Last week, both chambers of Congress voted nearly unanimously to pass the 21st Century Cures Act (the Cures Act), sweeping legislation that directly impacts the government funding and FDA review process of medical innovations, both pharmaceutical and device. President Obama has vowed to sign the legislation “as soon as it hits [his] desk”, therefore representing a rare bipartisan major piece of legislation, and perhaps the most significant to drug development since the Hatch-Waxman Act in 1984. From a biotech business development perspective, by far the biggest impact the Cures Act will have is the mandate to the FDA to find ways to help speed up the drug approval process. The Cures Act instructs the FDA to, among other things:
- include patient experience data in its deliberations of whether to approve a drug, including the use of real world evidence to support the indication expansion of already approved drugs
- expand its authority to review biomarkers and other drug development tools that can help speed drug development
- work with the industry and advocacy groups to help determine and incorporate adaptive designs and novel statistical modeling for new drug applications in hard-to-treat disease areas (i.e. expand use of surrogate endpoints)
The Cures Act serves as a new roadmap for development of treatments for rare and hard-to-treat diseases either where limited patient populations (i.e. rare diseases), ethical considerations (i.e. sepsis, certain cancers and others) or lengthy times for disease progression (i.e. progressive kidney disease) make it difficult to recruit for or run standard clinical trials. The FDA now must consider other voices, including patient advocacy groups, and alternative trial designs based on rational, well-supported and well-designed surrogate endpoints. In many ways, the Cures Act is an endorsement of the approval approach the FDA recently took with Sarepta Therapeutics’ eteplirsen for Duchenne Muscular Dystrophy.
While the FDA has not announced how it will implement its mandates under the Cures Act, it is possible to envision how the Cures Act will impact biotech deal making. The biggest impact will likely manifest through the NPV calculations companies employ to value drugs in later-stage clinical development. Since the Cures Act focuses on accelerating drug development, little should change in how companies view the post-approval commercial opportunity; however, the effect on development programs will be significant, where the total value of the product is most impacted in NPV calculations. While there is certainty that a current cost/revenue will be paid/earned, there is risk that future costs/revenue will never be paid/earned, so future cashflows are risk-adjusted in addition to the discount rates used to account for the time value of money. Thus, even large commercial opportunities can be overshadowed in the overall NPV if they are many years out into the future and there are large current development costs. The shortened development timelines and cheaper trials promised by the Cures Act will therefore give a tremendous boost to the NPVs for drugs in rare diseases and other hard-to-treat indications. Because the FDA will be more open in determining acceptable trial designs and working with companies on suitable endpoints, companies will have more certainty on whether a proposed pivotal trial design is acceptable for approval. This does not reduce the drug’s clinical risk (the Cures Act’s supporters and the FDA have all vociferously made clear they will not ease standards for required safety and efficacy), but the regulatory risk reduction is meaningful. Clinical, regulatory and commercial risk are cumulative in their joint effects on future cash flows so reducing regulatory risk would decrease the magnitude of the risk adjustment and boost NPVs.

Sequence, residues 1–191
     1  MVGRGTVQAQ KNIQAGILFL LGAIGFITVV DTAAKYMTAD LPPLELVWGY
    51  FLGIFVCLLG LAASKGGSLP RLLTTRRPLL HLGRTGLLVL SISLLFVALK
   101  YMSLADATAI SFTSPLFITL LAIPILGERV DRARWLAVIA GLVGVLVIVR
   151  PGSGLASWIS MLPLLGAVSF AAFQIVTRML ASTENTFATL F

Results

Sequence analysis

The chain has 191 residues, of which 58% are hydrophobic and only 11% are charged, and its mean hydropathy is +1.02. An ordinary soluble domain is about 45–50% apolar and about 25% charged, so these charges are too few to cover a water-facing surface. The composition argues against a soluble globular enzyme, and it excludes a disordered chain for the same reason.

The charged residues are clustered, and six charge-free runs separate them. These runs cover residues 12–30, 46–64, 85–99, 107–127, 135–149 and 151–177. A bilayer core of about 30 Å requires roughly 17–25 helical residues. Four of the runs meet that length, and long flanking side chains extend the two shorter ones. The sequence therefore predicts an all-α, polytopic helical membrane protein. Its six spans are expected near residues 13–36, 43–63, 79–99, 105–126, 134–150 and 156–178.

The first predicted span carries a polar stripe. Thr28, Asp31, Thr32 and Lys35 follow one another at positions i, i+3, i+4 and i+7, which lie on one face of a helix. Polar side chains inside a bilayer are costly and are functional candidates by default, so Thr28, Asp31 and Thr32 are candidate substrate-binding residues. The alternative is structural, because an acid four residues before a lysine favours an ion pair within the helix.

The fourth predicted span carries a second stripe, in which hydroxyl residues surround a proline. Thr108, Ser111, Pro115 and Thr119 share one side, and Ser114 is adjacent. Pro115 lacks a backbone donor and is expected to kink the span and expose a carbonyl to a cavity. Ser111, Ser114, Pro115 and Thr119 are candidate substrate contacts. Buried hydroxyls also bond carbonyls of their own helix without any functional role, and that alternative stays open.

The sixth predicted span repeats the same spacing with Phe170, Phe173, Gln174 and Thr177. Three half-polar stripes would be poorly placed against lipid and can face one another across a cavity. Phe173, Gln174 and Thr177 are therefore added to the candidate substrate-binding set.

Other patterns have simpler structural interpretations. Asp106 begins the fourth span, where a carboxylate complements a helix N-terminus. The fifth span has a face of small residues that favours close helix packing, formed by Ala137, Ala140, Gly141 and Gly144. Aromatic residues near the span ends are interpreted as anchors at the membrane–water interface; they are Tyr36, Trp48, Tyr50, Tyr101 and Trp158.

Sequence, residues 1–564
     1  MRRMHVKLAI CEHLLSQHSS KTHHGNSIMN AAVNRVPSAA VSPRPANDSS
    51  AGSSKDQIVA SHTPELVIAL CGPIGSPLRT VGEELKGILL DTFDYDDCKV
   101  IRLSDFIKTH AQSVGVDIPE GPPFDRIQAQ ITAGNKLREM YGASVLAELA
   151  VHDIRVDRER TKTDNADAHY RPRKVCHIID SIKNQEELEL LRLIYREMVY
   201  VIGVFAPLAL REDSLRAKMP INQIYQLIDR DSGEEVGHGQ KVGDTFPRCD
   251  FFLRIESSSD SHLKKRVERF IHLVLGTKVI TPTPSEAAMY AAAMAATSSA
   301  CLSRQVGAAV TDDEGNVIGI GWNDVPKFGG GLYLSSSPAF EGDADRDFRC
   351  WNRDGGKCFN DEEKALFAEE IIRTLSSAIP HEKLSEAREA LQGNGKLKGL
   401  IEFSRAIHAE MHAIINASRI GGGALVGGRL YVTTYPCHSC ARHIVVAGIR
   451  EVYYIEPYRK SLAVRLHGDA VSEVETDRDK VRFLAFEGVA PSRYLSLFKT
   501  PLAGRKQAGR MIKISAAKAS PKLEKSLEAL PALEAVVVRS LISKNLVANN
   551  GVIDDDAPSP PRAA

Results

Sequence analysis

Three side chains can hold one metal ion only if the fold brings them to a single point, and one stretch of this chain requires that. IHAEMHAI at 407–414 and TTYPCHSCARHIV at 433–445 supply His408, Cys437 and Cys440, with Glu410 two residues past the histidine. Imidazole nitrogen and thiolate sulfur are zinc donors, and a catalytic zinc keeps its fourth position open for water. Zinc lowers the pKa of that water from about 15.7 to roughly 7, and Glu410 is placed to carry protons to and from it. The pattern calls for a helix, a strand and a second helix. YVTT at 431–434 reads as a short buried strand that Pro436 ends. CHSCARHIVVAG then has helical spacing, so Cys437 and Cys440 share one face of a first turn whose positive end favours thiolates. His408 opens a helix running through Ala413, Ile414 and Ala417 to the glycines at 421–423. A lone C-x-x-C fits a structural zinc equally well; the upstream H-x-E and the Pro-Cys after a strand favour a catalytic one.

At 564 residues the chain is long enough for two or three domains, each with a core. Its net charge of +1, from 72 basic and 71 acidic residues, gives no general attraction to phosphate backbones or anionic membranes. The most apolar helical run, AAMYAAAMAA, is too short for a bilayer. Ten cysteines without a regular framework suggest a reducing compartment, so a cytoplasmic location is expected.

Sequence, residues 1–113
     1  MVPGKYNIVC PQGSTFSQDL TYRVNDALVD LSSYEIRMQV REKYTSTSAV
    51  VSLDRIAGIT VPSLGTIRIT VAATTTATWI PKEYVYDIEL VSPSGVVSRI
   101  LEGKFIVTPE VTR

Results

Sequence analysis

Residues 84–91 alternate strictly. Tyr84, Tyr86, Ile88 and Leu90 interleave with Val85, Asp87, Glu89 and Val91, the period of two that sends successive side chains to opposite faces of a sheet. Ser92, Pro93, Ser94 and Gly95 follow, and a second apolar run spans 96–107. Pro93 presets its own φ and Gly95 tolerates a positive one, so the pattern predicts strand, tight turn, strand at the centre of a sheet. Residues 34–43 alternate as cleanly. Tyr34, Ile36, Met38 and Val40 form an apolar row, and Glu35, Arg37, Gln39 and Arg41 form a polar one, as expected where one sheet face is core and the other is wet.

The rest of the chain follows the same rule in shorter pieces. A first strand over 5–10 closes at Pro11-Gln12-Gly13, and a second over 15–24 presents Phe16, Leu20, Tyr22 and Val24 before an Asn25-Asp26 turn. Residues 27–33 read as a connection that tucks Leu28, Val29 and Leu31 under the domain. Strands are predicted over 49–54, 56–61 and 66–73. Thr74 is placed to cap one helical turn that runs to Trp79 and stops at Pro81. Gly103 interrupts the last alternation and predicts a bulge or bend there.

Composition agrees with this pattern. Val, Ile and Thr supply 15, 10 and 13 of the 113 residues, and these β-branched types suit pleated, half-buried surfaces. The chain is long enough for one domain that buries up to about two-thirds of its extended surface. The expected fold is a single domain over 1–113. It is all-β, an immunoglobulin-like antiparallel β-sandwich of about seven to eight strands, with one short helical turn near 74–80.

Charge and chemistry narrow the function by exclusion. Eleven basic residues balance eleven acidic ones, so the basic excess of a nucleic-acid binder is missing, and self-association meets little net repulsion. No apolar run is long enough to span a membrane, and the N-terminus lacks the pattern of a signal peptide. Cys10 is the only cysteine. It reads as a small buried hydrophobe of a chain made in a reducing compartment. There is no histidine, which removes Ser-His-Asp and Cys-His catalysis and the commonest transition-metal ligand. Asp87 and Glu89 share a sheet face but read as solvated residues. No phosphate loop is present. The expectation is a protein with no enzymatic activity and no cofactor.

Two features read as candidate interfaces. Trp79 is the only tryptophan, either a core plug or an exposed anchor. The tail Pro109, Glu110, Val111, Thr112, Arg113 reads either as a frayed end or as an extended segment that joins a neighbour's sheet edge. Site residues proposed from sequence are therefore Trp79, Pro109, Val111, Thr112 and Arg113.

It is unlikely NPV deal splits will change much because of the Cures Act but partners will receive higher deal values overall through the boosted NPVs. Structures of deals may shift as development costs decline and timelines shorten leading to increased milestone payments. One other potential implication is that additional private capital may be available to fund development-stage companies since less capital would be required to reach their next value inflection points.
Although the Cures Act combined with the anticipated policies of the incoming Trump presidency looks like a boon to the industry, there remain areas of friction that will require close attention by industry participants, including drug prices and concerns the changes in the Cures Act will result in the approval of unsafe medicines. Biotech companies would be wise to self-regulate to avoid any future government intervention by being price conscience and avoiding aggressively pushing the wrong drugs through approval. President-elect Trump has also voiced his desire to do something about high drug prices. Although likely more sympathetic to the industry than a Clinton administration would have been, industries/companies ignoring his statements are doing so at their own peril (Carrier, Boeing, Ford, etc.). It is not unreasonable to conclude that if a drug approved through the new Cures Act pathway causes a major health problem the pendulum of government will quickly swing back against the industry. While the Cures Act passed nearly unanimously, it took three years of hard lobbying and several of its opponents, including Senators Elizabeth Warren (D-MA) and Bernie Sanders (I-VT), are loud and unrelenting in their criticism of the industry and the Cures Act.
To learn more about how partners value development stage products and how to get the highest deal value for your pipeline, our next Locust Walk Institute class on biotech business development and financings will be May 3 and 4 in San Francisco.
Witten by Andy Meyerson